As well, Pyotr Kochetkov is one of the best goalie prospects in the world and is primed for a start/backup NHL job, which he will probably find himself in next season.

The Hurricanes are the new model for how to draft as a contending team, to keep the competitive window open for longer. The Hurricanes won’t need to rebuild for a decade or more.

12. Seattle Kraken

Top 5 Skater Prospects: Matty Beniers, Shane Wright, Jagger Firkus, Ryker Evans and David Goyette

The Kraken have only been around for 22 or so months but they’ve already amassed a substantial prospect pool. Beniers, who’s in the NHL and contributing hugely, is leading their top 5. However, Shane Wright, the once unanimous 1st overall choice who somehow dropped to 4th, is developing fine and, with Beniers, will create a deadly 1-2 punch down the middle for the next 1-2 decades.The Kraken, for being so new, have been able to add a good amount of depth to their system, holding 12 prospects with substantial NHL probabilities. If the Kraken hadn’t surprisingly made the playoffs in their 2nd season, they’d likely have a top 10 prospect pool after the 2023 draft. Maybe they still get there with some more under the radar excellence like 2022.

13. Toronto Maple Leafs

Top 5 Skater Prospects: Nick Robertson, Rodion Amirov, Matthew Knies, Fraser Minten and Nick Abruzzese

The Maple Leafs system, which has regularly found itself in the top 10 on the HP team strength ranking for the past few years, is starting to step back. Like the Kings, some of this is due to graduations. Liljegren and Sandin (now with the Capitals) no longer count. But also due to not having many picks the last few years, as they load up every year to try and do something, finally, in the playoffs, they haven’t been able to keep pace and add pieces. As well, Robertson and Amirov (health complications) haven’t developed exactly how expected over the past few years which has dampened the potential of the top 5 a bit.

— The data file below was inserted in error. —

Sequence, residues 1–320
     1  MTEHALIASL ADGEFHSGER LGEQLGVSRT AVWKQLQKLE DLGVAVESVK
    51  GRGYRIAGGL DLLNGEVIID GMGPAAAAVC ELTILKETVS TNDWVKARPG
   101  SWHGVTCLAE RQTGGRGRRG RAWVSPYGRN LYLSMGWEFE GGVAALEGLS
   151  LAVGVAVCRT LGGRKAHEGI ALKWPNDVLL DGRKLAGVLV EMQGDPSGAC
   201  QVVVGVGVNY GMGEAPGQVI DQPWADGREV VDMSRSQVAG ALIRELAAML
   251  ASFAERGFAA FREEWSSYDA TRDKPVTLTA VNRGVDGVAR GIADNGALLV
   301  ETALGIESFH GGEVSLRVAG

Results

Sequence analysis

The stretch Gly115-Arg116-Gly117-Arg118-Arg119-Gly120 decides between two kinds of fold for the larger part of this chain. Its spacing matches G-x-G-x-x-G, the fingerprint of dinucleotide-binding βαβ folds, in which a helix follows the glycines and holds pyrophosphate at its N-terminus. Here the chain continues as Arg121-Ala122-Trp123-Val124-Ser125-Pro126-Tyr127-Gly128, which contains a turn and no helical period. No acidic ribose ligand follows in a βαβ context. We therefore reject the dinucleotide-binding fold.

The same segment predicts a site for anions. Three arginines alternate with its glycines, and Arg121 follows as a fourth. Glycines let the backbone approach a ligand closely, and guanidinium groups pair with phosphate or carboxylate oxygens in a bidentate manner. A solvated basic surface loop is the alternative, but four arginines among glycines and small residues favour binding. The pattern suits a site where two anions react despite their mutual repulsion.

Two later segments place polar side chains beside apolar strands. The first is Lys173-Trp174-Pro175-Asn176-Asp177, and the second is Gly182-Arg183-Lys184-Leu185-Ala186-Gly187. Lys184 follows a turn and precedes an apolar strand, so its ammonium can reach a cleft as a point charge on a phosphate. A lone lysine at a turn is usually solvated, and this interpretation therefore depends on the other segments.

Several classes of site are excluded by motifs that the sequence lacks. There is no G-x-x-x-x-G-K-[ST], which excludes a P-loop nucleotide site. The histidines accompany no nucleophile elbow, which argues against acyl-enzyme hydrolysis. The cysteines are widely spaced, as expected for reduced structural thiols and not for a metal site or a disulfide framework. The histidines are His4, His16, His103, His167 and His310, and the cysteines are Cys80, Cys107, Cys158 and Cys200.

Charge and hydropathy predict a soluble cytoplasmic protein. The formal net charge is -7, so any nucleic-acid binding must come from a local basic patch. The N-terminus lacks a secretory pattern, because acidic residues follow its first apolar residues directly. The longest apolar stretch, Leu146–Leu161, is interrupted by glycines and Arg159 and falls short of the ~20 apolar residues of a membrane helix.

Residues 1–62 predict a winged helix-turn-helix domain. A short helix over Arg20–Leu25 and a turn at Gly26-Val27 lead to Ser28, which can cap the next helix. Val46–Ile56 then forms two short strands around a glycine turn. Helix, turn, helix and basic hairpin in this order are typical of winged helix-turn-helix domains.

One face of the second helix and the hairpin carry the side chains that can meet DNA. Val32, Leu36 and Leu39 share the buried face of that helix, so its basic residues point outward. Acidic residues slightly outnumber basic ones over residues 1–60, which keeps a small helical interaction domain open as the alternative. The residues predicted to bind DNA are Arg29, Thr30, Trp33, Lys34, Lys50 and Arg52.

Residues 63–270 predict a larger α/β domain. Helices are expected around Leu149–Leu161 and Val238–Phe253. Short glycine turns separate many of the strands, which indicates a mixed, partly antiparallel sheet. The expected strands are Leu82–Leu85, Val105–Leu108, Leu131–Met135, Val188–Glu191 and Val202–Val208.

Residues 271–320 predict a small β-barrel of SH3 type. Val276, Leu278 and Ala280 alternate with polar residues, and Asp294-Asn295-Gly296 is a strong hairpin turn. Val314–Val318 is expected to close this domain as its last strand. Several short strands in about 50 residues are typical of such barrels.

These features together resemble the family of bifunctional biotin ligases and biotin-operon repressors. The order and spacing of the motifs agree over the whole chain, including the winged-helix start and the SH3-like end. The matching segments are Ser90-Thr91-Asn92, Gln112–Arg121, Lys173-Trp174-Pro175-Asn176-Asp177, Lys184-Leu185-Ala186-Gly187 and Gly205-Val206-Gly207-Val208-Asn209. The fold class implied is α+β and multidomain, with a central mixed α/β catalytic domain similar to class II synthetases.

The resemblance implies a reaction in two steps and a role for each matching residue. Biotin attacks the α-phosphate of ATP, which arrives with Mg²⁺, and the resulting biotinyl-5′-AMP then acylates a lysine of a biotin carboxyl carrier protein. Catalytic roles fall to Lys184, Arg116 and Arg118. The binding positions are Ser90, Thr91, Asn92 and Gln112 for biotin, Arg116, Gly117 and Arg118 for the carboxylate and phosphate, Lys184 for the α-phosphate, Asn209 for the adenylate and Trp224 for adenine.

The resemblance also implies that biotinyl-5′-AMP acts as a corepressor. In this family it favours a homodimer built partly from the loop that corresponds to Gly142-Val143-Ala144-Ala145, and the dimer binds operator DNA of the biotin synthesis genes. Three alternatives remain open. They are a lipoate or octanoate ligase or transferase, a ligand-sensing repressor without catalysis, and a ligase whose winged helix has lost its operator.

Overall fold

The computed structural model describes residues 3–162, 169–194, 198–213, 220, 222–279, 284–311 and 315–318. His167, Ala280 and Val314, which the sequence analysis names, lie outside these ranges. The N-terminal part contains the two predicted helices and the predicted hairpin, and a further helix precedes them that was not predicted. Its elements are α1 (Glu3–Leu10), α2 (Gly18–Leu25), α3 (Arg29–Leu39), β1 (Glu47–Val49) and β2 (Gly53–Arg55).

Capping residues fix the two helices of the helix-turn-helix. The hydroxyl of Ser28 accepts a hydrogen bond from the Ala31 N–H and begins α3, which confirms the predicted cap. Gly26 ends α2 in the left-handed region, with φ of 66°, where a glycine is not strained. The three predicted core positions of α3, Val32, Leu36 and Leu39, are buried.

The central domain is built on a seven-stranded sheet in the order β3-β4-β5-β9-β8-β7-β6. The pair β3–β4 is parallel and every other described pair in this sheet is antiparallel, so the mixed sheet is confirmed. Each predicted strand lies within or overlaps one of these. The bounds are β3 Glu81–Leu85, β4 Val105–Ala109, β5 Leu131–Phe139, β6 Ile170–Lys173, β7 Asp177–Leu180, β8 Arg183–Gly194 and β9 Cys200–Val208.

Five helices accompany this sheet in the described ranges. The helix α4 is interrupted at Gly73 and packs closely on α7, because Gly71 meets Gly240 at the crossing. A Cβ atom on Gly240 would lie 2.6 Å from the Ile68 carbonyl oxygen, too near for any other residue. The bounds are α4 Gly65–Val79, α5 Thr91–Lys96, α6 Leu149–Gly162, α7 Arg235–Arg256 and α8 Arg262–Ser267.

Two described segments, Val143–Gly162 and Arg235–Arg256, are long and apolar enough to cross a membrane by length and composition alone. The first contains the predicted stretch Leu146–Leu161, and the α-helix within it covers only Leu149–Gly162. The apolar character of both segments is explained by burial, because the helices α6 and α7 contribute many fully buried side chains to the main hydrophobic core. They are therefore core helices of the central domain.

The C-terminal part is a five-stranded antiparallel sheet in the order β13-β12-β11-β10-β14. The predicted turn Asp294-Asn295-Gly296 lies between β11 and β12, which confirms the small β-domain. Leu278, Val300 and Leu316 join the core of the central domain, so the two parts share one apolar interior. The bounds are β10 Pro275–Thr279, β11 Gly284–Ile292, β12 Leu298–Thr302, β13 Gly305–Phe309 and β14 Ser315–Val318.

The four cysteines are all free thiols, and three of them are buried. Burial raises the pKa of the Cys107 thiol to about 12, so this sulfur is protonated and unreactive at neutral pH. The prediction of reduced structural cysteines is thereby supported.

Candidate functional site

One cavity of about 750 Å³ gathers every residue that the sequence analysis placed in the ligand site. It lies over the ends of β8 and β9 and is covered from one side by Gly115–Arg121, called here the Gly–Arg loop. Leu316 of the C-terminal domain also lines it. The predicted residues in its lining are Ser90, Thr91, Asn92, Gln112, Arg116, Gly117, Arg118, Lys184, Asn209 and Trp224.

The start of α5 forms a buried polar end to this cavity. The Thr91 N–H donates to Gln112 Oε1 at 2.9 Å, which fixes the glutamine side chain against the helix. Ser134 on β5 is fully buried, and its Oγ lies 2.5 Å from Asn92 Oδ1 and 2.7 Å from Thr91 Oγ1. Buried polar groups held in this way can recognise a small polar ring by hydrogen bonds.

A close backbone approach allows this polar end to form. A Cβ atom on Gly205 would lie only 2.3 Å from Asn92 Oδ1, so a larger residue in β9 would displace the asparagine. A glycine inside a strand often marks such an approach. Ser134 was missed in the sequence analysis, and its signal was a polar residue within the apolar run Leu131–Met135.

The pool still has good depth, however, with 21 potential NHL pieces total in the mix. Dubas and Co. are excellent at taking chances on players with good NHL probabilities, knowing full well a lot won’t hit, but if you have enough reasonable bet bullets, some of them have to strike.

14. Detroit Red Wings

Top 5 Skater Prospects: Marco Kasper, Simon Edvinsson, Jonatan Berggren, William Wallinder and Albert Johansson

The Red Wings pool has taken a step back from the past few rankings as Seider and Raymond no longer count in this analysis as they’ve played too many NHL games. Their top 5 is entirely made up of safe, two-way Euro prospects but doesn’t look to have much star power. I say that but Seider and Raymond also looked like this early on.